Saint Mark choir excellence preceded Darius as director, but under his guidance it’s gone to new heights. Hearing the tight harmonies and excellent pitch, you forget literally anyone who walks off the street can join. Amelia Farlow is one of those who can read music and she can read the director, too, having served as his music teacher in high school (and for Darius’ daughter, who affectionately called her “Grandma.”.)
“He’s done such great stuff with this choir because only a few people read music,” she says. “But even though they don’t read, their ears are really, really strong. They don’t really realize the skills he’s built in them. And we have some amazing singers in this choir. I don’t even sing a solo, I’m just holding my part. I mean, they sing like angels.”
Growing up in Pittsburgh, Amelia began singing in childhood and has been with Saint Mark since 2008. Now retired, she still lets her teacher and guider out now and then, especially when it comes to music reaching and holding onto young people.
“I had a gospel choir at Parkview (High School in Little Rock) from ‘98 to 2015 when I retired, and I literally caught hell from some people,” she says. “Some of those kids, the only church they got was singing in that gospel choir. Some of the kids would have to remind me – they called me mama – they said, ‘You know, Mama, this is my only church.’ I said, ‘Baby, at least you’re going.’”
“This relationship that children in church do, it’s a natural instinct to be giving. I had a lot of kids come into the choir that had a certain kind of attitude, but they get with the right kids and it makes a difference.”
Darius doesn’t sing tonight, but when he does, his deep voice is molasses gliding across polished marble. Online videos of the choir put that on display, like the ones where the group competed in nationwide choir competitions a few years back. They won too, something you wouldn’t know by the conspicuous absence of awards in the rehearsal room, a reflection of Darius’ insistence to keep the choir’s focus where it belongs.
“I’m not a competition guy, I’m really not,” he says. “We were preparing for the competition and the choir was like, we’re not doing any tricks, we don’t move a lot, we just stand still. It just goes back to the purity of the sound. It wasn’t about trying to put on a show or the dramatics, it was just choir singing.”
“I told them, ‘We’re going to do what we do on Sunday morning – we’re not going to do any tricks, we’re just going to sing. And if we win, to God be the glory and if we don’t, we got a great experience.’”
But win they did, and that validation was a highlight for even the longest-serving members in the room. Donna Collins, sixty-eight, grew up in this church and but for college, has been here singing since the beginning.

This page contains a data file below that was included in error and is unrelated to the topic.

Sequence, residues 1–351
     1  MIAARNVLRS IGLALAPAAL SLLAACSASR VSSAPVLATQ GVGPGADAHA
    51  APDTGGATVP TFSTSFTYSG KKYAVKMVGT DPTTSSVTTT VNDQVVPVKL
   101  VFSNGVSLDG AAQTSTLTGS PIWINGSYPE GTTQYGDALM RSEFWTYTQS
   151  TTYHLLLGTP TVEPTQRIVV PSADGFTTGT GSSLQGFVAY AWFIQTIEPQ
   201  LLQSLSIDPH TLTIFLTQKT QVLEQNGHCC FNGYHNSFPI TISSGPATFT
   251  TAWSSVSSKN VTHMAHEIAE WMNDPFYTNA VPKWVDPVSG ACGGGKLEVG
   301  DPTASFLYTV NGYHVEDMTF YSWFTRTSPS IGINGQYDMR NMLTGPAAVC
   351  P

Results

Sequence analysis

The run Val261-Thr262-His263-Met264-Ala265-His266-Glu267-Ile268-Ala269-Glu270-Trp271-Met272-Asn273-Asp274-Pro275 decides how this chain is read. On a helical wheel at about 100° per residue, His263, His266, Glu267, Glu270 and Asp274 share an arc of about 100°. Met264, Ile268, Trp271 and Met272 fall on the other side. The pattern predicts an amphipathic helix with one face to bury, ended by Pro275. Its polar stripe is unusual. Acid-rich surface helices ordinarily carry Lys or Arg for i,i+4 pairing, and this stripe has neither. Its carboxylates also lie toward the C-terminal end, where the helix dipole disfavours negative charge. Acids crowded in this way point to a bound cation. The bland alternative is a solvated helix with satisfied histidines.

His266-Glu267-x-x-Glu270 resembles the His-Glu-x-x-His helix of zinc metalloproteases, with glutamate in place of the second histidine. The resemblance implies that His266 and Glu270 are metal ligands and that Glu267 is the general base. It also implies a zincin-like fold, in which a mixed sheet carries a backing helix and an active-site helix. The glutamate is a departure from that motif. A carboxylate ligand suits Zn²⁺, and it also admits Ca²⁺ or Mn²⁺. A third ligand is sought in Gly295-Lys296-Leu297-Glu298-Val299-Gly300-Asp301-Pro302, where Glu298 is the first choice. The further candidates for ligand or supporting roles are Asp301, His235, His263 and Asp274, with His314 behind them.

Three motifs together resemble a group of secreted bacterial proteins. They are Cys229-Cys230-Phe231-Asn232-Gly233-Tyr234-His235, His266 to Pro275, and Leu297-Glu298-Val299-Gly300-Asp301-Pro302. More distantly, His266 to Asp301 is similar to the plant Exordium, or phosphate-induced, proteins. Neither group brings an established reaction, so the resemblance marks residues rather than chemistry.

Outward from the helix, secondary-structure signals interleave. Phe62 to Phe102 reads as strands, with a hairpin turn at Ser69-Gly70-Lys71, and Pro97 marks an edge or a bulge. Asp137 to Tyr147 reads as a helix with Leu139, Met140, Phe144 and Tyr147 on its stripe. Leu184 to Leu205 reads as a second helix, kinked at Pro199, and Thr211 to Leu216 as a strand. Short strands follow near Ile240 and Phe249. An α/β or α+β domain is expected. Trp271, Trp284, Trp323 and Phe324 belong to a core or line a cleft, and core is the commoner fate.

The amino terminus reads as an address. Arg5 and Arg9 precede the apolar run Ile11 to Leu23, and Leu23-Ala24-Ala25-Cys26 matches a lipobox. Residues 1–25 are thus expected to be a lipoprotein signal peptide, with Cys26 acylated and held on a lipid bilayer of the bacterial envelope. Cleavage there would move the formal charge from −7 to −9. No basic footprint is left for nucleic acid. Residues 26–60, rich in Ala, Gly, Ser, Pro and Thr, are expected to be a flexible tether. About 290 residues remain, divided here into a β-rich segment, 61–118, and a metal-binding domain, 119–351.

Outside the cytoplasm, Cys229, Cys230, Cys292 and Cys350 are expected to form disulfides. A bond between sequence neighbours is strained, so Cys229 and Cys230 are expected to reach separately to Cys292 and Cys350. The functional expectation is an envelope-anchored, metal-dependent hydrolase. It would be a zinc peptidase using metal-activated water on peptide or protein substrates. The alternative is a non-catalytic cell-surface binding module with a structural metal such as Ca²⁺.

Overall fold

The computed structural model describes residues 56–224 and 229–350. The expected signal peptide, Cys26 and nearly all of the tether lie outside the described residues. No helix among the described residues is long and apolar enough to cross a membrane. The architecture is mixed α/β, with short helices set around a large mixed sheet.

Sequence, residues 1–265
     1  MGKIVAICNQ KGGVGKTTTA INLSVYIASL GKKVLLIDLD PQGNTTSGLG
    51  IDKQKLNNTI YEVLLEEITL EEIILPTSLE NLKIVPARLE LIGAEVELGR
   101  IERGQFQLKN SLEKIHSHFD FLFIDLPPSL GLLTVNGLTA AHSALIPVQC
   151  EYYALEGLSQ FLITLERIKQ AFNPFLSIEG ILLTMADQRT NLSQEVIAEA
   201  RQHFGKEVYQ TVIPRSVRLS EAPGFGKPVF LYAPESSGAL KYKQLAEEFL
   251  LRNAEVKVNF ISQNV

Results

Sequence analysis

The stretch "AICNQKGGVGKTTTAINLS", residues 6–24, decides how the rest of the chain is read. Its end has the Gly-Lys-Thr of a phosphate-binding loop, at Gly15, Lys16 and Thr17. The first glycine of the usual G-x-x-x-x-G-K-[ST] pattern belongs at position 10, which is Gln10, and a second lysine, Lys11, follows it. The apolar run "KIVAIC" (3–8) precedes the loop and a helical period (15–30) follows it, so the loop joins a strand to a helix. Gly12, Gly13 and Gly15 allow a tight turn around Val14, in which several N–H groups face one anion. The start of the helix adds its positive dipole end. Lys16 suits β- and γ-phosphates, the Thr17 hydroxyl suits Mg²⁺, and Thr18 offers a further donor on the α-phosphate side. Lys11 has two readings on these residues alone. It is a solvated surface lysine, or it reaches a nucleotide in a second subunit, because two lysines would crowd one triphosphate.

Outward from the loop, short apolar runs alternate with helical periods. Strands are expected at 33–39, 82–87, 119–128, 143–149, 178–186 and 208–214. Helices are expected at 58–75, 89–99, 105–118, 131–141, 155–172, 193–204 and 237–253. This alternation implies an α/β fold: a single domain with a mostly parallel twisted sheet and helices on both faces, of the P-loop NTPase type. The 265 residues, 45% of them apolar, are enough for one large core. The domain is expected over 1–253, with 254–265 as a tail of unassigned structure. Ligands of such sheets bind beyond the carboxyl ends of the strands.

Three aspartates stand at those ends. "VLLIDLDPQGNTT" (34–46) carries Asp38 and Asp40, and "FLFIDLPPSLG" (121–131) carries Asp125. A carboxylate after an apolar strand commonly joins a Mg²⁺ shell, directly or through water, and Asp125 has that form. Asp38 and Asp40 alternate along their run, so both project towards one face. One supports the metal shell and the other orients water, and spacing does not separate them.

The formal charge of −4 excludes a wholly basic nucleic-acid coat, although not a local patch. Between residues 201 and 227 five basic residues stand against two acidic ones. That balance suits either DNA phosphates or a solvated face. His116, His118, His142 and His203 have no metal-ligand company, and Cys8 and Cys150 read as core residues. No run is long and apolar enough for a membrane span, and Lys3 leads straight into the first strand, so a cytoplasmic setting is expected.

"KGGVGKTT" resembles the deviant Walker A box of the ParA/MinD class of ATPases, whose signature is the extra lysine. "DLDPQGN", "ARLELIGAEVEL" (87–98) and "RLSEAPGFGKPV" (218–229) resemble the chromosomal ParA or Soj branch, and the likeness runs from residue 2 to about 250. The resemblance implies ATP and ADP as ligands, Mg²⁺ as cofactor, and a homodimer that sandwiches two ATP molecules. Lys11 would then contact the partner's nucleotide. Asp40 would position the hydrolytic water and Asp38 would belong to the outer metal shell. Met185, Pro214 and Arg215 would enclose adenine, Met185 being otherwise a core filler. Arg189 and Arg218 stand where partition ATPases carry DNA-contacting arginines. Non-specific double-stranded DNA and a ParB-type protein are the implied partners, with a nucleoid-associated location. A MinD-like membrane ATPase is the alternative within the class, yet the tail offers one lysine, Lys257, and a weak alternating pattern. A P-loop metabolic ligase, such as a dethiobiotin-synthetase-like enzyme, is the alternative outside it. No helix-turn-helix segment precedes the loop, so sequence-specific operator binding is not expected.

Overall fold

“I am a lead singer and I am anointed by God. I figured I was anointed to do this,” she says. “Sometimes things will come out of my mouth and they’re not planned. They are just for the glory of God and they just come out in a beautiful sound.”
Donna recalls singing a solo at age three and joined the junior choir around age six. Her voice has a rasp to it after rehearsal, but it’s always there when she needs it. Just like her Savior.
“I will say, a lot of it stems from things that I’ve been through in life,” she says. “I’ve had a lot of sicknesses and God has healed me; some sicknesses that take other people out, God has allowed me to still be around. So, I have a great place of gratitude and thanks because I know personally what He’s done for me and it was a miracle. I sing from that place of gratitude.”
At the end of rehearsal, Darius imparts some instructions and sends them home. The group slides their coats on to walk back into the cold and dark of a Tuesday night. But their step is lighter, their vision clearer and the joy with which they sang lingers like an echo in the air.
“It’s just singing about the goodness of God and how He’s brought us and kept us and provided for us and He’s just good. Even in the baddest of situations, you know, it could be worse, things could be worse. That’s the way I look at it.”
“If you haven’t been sick enough, or broke enough, or heart been broken or been disappointed by family, friends or relationships, you just keep livin’,” Darius says. “But when you’ve been through that, and you know that nobody helped you through that but God, when you start singing these songs, you just kinda get that joy. That’s the joy that swells up.”
Catch the Saint Mark Sanctuary Choir at three services every Sunday.
Service times are 8 a.m., 10 a.m. and 11:30 a.m.
Saint Mark Baptist Church
5722 West 12th Street, Little Rock, Arkansas